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Tuesday, November 15, 2016

Betting the Farm and Losing: Banks Seek Collateral as Debts Rise

Betting the farm on record crop, livestock and dairy prices has turned into a losing investment for an expanding share of America’s agricultural heartland. The level of debt to income is the highest in three decades, and growers are increasingly unable to make loan payments.

Four years after record U.S. crop and farmland values boosted purchases of land and equipment, a global surplus has sent prices tumbling and farm income into the longest slump since 1977. The Federal Reserve says growers are borrowing more to pay bills, repayment rates are plunging, and the number of bankers requesting additional collateral is the highest in 25 years.

While low interest rates and savings from big paydays not long ago have kept farmers in better financial shape than the bankruptcy crisis of the mid-1980s, signs of stress are increasing, especially for growers who invested during the boom years. Farm income is down 42 percent from a record in 2013, government data show, and MetLife Agricultural Finance predicts farmland values will tumble 20 percent by 2018.

“Unquestionably, some farmers are not going to make it,” said Dan Kowalski, director of research at CoBank, an agricultural lending cooperative based in Greenwood Village, Colorado. “If they made aggressive growth decisions and did it with debt, that won’t work out well. Credit quality is starting to slip on the farm and smaller agricultural businesses. Bankers are asking if they have the cash flow to pay bills.”

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5 comments:

Anonymous said...

Sorry, but those who can't make it should've considered changes in the market and not gotten so greedy.

Anonymous said...

The next two big bubbles are the Auto loans financing and student loans. Not enough jobs or good paying jobs to make payments on these loans. Most students owe over 80K or more on these loans. Car prices are out of reach for most people. Financing some of these loans for up to ten years paying over 600 or more per month. There comes a point where you say, F it!!! I'll just walk away from it.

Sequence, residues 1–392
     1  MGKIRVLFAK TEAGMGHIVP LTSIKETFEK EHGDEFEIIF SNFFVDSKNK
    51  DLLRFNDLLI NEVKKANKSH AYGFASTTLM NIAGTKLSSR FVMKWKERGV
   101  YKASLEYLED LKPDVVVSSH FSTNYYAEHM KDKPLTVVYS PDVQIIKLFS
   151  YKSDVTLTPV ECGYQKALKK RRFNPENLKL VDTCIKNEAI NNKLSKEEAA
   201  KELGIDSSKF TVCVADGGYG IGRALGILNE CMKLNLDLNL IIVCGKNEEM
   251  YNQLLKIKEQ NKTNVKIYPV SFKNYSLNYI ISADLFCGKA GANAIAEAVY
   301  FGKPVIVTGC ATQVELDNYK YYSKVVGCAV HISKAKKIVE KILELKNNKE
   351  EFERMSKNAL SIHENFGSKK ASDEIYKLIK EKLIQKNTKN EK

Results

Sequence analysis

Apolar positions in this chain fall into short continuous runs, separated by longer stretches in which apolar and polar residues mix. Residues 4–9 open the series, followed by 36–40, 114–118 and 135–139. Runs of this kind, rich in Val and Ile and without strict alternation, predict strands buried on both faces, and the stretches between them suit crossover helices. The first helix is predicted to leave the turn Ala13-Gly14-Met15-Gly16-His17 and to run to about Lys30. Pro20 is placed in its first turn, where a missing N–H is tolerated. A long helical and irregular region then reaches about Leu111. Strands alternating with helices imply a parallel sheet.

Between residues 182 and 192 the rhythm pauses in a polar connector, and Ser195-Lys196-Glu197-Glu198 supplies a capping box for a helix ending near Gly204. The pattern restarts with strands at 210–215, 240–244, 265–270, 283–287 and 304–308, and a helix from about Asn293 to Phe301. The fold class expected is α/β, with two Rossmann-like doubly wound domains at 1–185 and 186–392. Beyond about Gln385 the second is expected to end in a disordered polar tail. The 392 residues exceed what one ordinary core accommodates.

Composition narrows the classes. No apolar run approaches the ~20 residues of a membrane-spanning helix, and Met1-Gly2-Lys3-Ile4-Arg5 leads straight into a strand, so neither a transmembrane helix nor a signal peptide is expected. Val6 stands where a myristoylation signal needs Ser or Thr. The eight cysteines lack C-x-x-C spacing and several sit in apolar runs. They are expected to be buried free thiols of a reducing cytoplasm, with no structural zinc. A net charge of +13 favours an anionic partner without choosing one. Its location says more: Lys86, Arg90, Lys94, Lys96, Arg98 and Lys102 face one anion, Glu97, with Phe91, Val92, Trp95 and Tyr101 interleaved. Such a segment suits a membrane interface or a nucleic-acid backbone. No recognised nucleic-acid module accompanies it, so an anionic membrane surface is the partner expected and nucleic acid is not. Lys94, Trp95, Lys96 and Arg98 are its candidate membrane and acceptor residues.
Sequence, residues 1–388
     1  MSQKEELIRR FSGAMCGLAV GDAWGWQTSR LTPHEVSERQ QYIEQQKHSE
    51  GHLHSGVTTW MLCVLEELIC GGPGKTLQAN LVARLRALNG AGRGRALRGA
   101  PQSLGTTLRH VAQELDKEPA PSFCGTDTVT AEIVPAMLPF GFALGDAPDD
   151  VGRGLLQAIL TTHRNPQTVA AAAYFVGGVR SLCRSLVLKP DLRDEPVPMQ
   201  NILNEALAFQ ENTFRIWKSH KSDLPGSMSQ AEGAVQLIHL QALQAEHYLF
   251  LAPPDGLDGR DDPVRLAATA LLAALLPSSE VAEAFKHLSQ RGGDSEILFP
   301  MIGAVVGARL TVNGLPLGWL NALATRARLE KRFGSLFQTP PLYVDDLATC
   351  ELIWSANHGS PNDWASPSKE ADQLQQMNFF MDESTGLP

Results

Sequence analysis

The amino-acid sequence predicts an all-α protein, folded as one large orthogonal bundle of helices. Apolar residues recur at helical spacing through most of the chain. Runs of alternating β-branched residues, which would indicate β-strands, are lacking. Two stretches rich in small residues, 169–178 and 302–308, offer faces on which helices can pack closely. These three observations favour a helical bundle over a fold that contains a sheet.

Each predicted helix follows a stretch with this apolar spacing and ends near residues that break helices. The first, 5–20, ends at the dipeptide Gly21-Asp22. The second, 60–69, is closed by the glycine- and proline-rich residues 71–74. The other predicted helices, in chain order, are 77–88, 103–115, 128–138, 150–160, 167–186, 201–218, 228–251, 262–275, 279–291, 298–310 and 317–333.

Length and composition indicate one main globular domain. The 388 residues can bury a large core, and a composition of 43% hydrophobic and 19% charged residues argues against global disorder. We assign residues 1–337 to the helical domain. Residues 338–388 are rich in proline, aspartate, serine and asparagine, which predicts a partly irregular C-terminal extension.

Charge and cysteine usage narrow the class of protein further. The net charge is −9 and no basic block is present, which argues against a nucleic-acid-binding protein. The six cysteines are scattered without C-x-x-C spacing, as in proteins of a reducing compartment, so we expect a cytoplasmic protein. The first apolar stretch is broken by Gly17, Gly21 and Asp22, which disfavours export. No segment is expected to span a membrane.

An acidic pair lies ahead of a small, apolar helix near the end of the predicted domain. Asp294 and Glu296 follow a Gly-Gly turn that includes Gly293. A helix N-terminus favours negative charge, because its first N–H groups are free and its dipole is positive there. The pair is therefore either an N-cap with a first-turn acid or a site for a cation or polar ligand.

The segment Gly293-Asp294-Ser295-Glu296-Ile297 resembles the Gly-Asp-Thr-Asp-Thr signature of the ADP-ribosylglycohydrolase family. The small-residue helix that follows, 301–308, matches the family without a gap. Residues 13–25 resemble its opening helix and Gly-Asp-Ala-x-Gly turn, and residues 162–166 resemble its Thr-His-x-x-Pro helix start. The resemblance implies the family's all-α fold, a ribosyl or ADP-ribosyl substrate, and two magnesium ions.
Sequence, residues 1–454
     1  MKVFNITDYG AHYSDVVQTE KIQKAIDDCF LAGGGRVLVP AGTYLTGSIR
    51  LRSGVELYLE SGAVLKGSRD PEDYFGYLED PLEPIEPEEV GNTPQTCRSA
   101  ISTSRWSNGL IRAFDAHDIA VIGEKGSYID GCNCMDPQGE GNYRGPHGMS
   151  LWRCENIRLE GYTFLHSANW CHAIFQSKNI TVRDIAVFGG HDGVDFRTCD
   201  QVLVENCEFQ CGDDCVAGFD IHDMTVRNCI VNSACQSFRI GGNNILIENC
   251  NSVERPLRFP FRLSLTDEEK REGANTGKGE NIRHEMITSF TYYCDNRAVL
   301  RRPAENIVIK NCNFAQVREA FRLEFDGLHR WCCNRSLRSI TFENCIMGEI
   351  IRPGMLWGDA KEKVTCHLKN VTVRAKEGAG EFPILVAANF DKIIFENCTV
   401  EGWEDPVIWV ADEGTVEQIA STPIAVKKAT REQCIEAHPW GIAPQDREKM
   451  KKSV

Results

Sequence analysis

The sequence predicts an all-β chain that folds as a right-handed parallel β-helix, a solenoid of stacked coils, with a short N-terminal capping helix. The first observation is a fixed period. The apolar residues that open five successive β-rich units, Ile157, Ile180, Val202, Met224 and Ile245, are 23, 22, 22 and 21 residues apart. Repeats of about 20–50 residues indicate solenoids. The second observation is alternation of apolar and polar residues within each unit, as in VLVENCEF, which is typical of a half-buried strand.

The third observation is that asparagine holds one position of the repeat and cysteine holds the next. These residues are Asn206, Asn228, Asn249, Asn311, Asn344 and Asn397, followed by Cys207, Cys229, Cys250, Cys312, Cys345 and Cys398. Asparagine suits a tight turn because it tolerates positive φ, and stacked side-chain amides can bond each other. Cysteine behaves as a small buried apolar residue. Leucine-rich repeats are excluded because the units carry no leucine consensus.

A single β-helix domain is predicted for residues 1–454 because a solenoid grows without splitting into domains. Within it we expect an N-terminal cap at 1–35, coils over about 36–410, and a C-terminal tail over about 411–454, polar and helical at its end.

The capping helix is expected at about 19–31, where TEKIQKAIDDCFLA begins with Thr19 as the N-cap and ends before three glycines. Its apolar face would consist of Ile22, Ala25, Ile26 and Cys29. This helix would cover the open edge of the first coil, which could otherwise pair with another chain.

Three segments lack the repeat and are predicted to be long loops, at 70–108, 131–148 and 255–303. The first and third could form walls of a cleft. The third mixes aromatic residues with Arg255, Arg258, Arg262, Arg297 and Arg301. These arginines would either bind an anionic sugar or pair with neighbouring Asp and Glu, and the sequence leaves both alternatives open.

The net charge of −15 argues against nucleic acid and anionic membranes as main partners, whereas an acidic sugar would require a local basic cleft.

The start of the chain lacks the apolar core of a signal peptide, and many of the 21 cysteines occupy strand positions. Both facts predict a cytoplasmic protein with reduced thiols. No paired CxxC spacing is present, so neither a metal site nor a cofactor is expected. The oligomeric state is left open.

Anonymous said...

There's no indication in this assessment of how many farmers or what percentage of farmers in varying sized farms are affected. The stats are therefore incomplete.

As for corn prices, stop producing it for fuel. It's a losing bet.

Anonymous said...

4:51 you are right producing a food product for fuel is a losing bet and it is just plain stupid.

Anonymous said...

Addressing several of previous posts, all I have to say is that the basic principles of business and life remain the same. In hard times, if you are over extended (highly leveraged), you will fail and become a statistic. Most people do not want to hear or accept what I have to say but I will throw it out there for the umteenth time. Spend less than you earn, give up the expensive new phone/cable tv/new car - truck. Sacrifice for 4-6 years and put that saved money away so that you can escape the get it now pay later trap. Buy a used car for cash (2,000-3,000) - no car payments and you only need liability insurance. Continue to save the money that you would be paying for car payments/cable/newest phone and then be in a position to buy a house that somebody else can no longer afford for less than half of what they paid. It is not that difficult but it does require a few years of sacrifice. Once you escape the financing trap, you can save money to purchase the things that everyone else finances. To all the negative nancy's - I did it - retired in my mid 40's - own multiple homes and several businesses. Was it difficult, yes for a while, but the people that laughed at me and did the opposite, are still working, have car payments, mortgages and take 1-2 weeks vacation.